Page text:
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Ensure secure disposal of hardware

disposal of hardware

Organizations often make the mistake of considering the disposal of hardware only when they are ready to discard equipment, if at all. Instead, they should plan for hardware disposal throughout the entire systems development lifecycle, from acquisition and testing through to operations. At the acquisition phase, for example, consider the cost and ease of disposal when scoring hardware and media.

Additionally, the Internet of things (IoT) creates an ever-increasing list of equipment which warrants consideration. The IoT gives conventional cameras, printers, and other equipment Internet connectivity, computing and data storage capabilities, and network connectivity. Disposal policies and practices cannot ignore these types of devices.

Failure to consider disposal early in the systems development lifecycle, or at all, increases the risk of improper hardware disposal, privacy breaches (and along with that, bad publicity and potentially hefty fines by privacy regulators), inadvertent disclosure of competitive information, and other risks.

Consequently, sanitization (or the rendering of data inaccessible by ordinary and extraordinary means), is often a necessary precursor to hardware disposal. Sanitization may also be necessary even if the hardware is being cascaded to another user within the organization. Because IT should assign users only the access privileges which they need for their roles and no more, sanitization will help to prevent unnecessary data transfer or access internally.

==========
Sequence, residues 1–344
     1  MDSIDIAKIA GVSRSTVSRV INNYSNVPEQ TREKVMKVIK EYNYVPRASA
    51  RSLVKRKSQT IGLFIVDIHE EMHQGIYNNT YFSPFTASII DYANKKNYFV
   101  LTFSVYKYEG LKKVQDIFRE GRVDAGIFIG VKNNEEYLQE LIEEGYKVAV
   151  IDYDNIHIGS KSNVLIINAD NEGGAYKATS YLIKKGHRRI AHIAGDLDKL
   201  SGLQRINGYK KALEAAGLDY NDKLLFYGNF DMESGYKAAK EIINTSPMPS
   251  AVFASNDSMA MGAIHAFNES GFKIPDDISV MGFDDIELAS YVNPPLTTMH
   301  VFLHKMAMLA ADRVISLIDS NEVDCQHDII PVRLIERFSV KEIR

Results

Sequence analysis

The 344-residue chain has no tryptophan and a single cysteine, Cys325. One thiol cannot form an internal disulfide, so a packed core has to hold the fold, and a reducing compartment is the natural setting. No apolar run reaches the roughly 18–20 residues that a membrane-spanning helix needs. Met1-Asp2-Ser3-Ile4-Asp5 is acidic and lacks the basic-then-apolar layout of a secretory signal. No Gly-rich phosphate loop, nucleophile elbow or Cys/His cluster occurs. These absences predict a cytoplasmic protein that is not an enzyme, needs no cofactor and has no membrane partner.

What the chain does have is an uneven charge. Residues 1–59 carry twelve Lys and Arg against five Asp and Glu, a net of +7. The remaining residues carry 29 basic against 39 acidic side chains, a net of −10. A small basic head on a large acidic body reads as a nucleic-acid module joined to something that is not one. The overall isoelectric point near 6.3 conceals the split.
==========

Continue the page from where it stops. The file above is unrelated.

Many other factors impact sanitization and disposal decisions, including environmental law, the reusability of the hardware and the hardware’s media or recordable surfaces. For example, if a device has reached the end of its useful life and cannot be reused, it is best to destroy it, possibly by degaussing or demagnetizing the hard drive (where appropriate) and perhaps incinerating it.

For improved internal controls, it is essential to view disposal as a series of steps or processes which may eventually culminate in the discarding or transferring of hardware outside of the organization. Many of these steps apply even when hardware is redeployed internally, and include the following:

  • Track assets and classify data by sensitivity – processes which track existing hardware, their useful lives, locations, user assignments, and the classification of data they contain, will increase the likelihood of secure hardware disposal.  
  • Backup information before sanitization or disposal – this ensures that the organization retains necessary and perhaps critical information which it may not be able to access elsewhere or recreate.
  • Verify that sanitization was effective – sanitization may have been unsuccessful because of user errors or equipment failures. Where possible, verify on either a sample or 100% basis, that sanitization did in fact occur.
  • Document and approve disposal decisions and methods – there needs to be an auditable trail to ensure that all steps were properly carried out, approved and recorded.